As Mac users (and friends of Mac users) will know, Mac OS loves splattering hidden metadata files and folders throughout your directory structure. For example, open up a terminal and do an ‘ls -a’ of one of your directories, and you’ll probably see a .DS_Store file in there.
This is all very well when browsing the folder on your Mac, because Mac OS X sensibly hides these from view in the Finder. However try tarring or zipping that folder, sending it across to a Windows machine, then unzipping/untarring the archive file in Windows. You’ll see the .DS_Store file sitting there in Windows Explorer, in plain view. Even worse, if you zip a folder using Mac OS X’s “Create Archive” option, it creates another Mac-specific __MACOSX folder in there too, further cluttering up the archive for non-Mac users.
Naturally, Windows and Linux have no use for such files and folders; all they do is confuse matters for the poor users. This can be a bit of a problem when distributing zip files to hundreds of people, like we do on PageKits.com. Of course, it’s easy enough to write a shell script to recursively scan a folder and remove all these Mac-specific files and folders prior to archiving, but it’s still a bit of a pain.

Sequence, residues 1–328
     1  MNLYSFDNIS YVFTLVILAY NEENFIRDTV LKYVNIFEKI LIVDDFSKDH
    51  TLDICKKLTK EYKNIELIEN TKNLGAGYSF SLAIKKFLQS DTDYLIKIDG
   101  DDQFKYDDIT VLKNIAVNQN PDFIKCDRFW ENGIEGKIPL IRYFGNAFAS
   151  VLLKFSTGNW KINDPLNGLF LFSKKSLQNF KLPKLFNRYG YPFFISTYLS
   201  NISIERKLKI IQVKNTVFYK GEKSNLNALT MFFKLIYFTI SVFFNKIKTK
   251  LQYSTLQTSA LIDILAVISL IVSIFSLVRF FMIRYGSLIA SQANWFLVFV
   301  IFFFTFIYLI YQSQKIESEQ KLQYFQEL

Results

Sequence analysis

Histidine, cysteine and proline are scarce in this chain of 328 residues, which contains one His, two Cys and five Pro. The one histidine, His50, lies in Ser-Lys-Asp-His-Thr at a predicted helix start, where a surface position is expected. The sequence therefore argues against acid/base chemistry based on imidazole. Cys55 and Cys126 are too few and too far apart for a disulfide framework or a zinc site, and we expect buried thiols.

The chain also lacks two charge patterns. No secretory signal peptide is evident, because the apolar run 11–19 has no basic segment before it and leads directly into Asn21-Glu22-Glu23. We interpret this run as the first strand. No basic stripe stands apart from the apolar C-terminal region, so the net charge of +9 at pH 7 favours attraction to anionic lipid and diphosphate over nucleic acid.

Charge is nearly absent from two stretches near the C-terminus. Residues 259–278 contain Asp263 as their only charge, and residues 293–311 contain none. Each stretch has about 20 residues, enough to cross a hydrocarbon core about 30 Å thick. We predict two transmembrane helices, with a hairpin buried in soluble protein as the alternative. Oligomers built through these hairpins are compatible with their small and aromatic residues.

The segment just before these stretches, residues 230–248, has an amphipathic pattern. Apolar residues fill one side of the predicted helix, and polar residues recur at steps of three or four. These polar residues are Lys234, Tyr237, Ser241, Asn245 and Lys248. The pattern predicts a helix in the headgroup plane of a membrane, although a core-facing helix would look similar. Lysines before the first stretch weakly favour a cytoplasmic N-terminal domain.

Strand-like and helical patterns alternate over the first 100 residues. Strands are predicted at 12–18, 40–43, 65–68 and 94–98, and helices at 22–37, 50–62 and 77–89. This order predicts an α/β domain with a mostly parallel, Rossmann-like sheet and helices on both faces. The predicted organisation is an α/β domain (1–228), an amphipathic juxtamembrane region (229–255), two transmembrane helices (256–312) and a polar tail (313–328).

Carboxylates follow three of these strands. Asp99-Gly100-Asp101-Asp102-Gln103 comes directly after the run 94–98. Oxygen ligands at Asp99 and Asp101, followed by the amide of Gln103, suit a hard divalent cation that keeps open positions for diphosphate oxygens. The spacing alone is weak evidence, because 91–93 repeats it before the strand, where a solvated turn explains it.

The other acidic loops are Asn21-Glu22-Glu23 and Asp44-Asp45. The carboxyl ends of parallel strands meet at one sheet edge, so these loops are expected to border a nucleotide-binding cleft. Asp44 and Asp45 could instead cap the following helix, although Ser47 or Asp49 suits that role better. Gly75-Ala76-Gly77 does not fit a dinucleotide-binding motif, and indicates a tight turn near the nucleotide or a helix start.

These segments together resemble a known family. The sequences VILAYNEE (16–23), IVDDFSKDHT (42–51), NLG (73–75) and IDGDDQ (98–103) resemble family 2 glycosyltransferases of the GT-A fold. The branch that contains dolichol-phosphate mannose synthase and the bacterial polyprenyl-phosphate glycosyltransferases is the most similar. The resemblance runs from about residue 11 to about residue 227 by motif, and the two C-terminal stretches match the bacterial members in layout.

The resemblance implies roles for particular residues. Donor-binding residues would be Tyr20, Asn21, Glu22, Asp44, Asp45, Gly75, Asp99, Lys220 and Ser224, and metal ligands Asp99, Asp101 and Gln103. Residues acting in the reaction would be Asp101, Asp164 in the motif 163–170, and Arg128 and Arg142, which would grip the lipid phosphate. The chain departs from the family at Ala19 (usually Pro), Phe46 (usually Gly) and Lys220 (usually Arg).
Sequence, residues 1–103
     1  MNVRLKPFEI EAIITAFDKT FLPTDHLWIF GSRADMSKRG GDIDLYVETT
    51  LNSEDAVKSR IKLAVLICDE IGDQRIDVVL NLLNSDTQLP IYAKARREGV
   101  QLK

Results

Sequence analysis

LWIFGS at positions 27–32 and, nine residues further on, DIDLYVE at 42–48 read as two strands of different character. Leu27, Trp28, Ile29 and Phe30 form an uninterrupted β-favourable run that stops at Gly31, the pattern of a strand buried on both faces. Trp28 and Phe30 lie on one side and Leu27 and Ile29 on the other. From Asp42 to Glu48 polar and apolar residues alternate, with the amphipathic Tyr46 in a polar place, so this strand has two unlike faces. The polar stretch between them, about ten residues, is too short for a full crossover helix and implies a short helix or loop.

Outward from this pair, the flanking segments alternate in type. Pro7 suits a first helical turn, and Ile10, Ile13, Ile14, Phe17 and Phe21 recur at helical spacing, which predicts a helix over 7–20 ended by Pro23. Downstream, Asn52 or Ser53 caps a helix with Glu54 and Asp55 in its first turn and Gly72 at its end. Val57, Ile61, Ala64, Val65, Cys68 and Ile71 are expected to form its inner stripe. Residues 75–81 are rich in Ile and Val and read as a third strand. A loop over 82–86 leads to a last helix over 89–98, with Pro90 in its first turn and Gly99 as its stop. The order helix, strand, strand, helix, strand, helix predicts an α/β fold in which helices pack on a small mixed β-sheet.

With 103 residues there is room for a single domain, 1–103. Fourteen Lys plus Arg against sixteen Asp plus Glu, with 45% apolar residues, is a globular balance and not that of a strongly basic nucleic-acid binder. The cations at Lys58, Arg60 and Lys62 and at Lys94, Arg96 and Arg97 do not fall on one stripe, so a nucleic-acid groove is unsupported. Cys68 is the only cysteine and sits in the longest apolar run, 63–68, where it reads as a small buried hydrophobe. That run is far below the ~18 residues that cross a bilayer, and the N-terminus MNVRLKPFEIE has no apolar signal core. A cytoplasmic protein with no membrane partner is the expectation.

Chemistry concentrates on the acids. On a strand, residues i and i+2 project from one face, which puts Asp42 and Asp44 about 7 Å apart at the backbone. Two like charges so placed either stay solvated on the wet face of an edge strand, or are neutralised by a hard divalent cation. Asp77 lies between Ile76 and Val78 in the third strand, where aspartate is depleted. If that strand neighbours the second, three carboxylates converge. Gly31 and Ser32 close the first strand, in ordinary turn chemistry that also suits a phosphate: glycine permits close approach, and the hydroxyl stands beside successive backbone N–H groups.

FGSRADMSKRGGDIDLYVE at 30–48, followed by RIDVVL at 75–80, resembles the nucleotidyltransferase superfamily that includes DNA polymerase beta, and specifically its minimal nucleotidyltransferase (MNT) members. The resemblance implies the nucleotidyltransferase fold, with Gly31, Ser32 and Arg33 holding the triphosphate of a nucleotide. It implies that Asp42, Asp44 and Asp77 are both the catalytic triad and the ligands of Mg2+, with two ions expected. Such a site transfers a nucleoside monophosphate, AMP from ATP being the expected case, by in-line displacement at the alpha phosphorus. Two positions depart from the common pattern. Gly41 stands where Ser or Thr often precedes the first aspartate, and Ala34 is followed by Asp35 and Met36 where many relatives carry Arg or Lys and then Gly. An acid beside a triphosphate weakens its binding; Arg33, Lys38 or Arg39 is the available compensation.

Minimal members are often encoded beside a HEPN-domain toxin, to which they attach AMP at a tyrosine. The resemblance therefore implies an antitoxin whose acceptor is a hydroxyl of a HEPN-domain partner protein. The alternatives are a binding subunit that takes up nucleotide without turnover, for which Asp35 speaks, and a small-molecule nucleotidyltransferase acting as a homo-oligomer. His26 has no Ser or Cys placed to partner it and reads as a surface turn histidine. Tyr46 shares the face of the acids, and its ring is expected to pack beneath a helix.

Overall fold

So I was pretty chuffed to discover CleanArchiver the other day. It’s a nifty little archiving utility that removes those pesky Mac-specific items as it archives. All you have to do is drag your folder to the CleanArchiver icon in the dock, and it does the rest. It can create gzip, bzip2, zip and dmg files, and you can tell it which Mac-specific things to remove and which to leave in. Perfect for zipping up folders to send to your non-Mac-using buddies.